Pricing Your Photography In 2023

Clement Eastwood | The Art Shire
5 min readNov 15, 2022

It is Christmas already? Back in high school, I used to be called Christmas. That was a nickname because I loved and still love Christmas a lot. Not because of the celebrations, but because of the new thing which is about to come. What new thing? January 1st. Yes! This is the new thing I speak of. The start of something new. A time to plan and a time to take action.

I saw this tweet yesterday by Iman Gadzhi

The only way to lose is to quit. So just don’t quit, and you won’t lose. Not easy, but very simple.

Photo by Alexander Grey on Unsplash

I’m not going to waste much of your time. You’re not here to read stories of the mistletoe but business. So, how do you price your photography? How much should I charge for my services this year? This question is asked by both the novice and the pro because it’s important when it comes to running a business as a photographer. When your price is too low, you leave money on the table. When your price is too high, you still leave money on the table because fewer people will want to hire you. You want to look at what the market is pricing and price accordingly. But note this: pricing is subjective.

As a pro photographer, you want to offer services that stand out, services that make your customers and prospects go like “WHOA” and charge prices that justify your work based on your talent, knowledge and the results you produce.

Now, this article might be general. I might touch on different things or maybe not. But let’s get into it.

The cost of running your photography business

I have personally heard photographers say to clients I charge so and so because of the cost of my gear. Trust me, the client or prospect is not interested in your gear. Nobody has ever asked me about the camera I use. The people who ask me this are mostly photographers. The cost of running your photo-business is not something you really have to share with your prospect. What does it cost?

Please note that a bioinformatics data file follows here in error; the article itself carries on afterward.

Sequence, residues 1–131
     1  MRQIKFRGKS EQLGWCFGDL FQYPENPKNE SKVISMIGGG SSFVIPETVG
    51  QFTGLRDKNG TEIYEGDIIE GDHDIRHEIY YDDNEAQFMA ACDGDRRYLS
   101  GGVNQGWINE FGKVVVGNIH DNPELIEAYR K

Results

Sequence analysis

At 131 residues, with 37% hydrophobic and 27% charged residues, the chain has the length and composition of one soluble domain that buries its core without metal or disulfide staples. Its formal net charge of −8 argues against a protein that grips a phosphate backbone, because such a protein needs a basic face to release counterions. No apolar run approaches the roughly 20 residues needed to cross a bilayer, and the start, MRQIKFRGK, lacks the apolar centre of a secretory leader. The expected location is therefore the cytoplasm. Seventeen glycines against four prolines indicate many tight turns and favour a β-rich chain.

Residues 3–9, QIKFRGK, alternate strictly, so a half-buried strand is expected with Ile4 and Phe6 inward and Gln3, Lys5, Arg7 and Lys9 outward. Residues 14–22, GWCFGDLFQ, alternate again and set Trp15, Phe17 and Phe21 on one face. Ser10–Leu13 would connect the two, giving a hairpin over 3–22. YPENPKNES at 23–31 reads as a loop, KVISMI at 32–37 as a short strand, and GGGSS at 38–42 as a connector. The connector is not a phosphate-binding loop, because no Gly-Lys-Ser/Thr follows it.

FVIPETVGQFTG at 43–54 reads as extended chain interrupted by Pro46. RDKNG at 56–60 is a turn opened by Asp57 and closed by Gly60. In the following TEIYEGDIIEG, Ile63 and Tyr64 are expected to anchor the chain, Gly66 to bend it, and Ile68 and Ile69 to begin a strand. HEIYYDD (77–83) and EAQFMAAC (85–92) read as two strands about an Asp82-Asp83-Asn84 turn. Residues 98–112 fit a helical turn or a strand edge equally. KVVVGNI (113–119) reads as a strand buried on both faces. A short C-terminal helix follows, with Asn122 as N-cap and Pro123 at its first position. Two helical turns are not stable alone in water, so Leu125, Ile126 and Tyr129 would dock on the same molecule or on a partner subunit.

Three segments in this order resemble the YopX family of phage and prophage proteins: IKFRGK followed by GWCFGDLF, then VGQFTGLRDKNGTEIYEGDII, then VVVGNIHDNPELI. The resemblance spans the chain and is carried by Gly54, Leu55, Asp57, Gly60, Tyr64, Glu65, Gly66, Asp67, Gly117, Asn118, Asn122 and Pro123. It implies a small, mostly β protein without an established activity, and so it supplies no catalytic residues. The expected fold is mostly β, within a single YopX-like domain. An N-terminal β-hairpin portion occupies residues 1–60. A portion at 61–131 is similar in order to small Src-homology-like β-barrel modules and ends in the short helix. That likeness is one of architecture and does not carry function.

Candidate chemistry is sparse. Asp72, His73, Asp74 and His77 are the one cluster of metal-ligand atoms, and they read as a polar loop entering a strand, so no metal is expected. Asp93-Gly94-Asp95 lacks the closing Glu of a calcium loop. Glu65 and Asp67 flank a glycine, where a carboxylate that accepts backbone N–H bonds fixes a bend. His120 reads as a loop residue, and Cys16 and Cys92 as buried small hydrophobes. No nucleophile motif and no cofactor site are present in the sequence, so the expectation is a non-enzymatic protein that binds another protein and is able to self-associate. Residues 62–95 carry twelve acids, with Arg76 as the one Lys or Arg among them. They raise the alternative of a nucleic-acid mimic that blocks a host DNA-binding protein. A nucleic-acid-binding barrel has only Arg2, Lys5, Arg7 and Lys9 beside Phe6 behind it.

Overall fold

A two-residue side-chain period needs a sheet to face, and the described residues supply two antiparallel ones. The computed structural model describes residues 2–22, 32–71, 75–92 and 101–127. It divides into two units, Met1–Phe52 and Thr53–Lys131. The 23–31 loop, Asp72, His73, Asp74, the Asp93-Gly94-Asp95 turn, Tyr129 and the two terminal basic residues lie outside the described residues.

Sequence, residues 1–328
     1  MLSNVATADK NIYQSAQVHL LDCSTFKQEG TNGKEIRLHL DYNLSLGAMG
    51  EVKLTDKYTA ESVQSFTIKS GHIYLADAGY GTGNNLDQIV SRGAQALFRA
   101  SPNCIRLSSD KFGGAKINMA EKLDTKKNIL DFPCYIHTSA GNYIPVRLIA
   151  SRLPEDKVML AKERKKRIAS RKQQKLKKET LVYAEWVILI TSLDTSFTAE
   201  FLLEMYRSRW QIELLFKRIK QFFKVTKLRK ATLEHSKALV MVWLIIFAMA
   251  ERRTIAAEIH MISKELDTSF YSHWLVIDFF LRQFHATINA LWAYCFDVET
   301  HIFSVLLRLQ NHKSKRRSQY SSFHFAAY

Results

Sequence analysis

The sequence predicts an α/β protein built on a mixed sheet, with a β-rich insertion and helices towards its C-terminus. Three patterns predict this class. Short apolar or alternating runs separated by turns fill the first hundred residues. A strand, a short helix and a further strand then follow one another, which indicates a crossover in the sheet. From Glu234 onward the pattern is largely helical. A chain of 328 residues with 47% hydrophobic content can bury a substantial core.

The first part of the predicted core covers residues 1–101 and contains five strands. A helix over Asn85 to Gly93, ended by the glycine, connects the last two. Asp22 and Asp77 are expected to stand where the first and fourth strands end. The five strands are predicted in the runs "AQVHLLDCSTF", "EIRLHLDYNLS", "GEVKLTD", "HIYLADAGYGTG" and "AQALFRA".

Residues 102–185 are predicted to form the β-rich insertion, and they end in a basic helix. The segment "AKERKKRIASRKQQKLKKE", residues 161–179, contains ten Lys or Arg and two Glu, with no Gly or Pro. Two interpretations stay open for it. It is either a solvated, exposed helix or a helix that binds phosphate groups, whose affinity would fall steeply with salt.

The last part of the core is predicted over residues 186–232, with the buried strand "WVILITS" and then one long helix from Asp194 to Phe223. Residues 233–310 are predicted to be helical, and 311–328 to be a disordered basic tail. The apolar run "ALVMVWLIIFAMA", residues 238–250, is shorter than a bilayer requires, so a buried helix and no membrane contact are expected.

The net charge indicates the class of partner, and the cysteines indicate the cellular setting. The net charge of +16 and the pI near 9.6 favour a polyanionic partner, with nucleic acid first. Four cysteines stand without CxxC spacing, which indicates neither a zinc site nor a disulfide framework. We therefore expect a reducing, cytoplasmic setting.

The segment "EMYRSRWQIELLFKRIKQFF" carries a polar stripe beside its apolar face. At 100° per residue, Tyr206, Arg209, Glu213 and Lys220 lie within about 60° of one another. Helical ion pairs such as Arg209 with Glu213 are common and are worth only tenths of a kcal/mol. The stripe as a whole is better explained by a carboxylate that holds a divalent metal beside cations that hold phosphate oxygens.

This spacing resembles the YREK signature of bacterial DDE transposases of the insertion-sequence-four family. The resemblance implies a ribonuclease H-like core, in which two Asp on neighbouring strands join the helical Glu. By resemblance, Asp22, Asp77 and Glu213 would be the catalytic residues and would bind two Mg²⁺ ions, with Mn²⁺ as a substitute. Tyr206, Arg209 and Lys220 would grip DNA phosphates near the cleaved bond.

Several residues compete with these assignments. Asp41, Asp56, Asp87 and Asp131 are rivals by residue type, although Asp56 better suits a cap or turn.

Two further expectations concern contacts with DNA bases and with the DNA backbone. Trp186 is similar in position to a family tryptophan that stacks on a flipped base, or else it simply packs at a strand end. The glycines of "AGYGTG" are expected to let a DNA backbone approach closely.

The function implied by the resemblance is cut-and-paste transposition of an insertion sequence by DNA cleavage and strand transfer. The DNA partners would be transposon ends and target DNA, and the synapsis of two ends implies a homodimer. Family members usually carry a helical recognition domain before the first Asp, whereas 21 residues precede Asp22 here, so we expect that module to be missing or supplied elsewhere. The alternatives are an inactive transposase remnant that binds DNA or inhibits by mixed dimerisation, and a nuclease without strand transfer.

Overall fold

You have equipment cost. You have a camera, lenses, lighting equipment, etc. Also, be sure to factor in repair and replacement costs.

Office and studio costs. Are you renting a studio or an office space? Then factor this into your pricing as well. Now you’re probably thinking photography is a luxury. Be sure it is, though I also believe photography is for everyone. So what if you’re not renting a studio or office space and work from home? Do this: Assign a rental value to that space and make sure your business earns and pays for that. We are always paying for something, nothing is given to us for free.

Marketing costs. I’ve seen fewer photographers get into this. Photographers, including pros, do not like the marketing side of their business. I was there, and I struggled a lot. Know that if you’re running a business, you’re also required to market your business. How else will you land clients if you do not market? This includes networking, digital advertisement, investing in marketing courses, a website. These things are essential to running a successful photography business.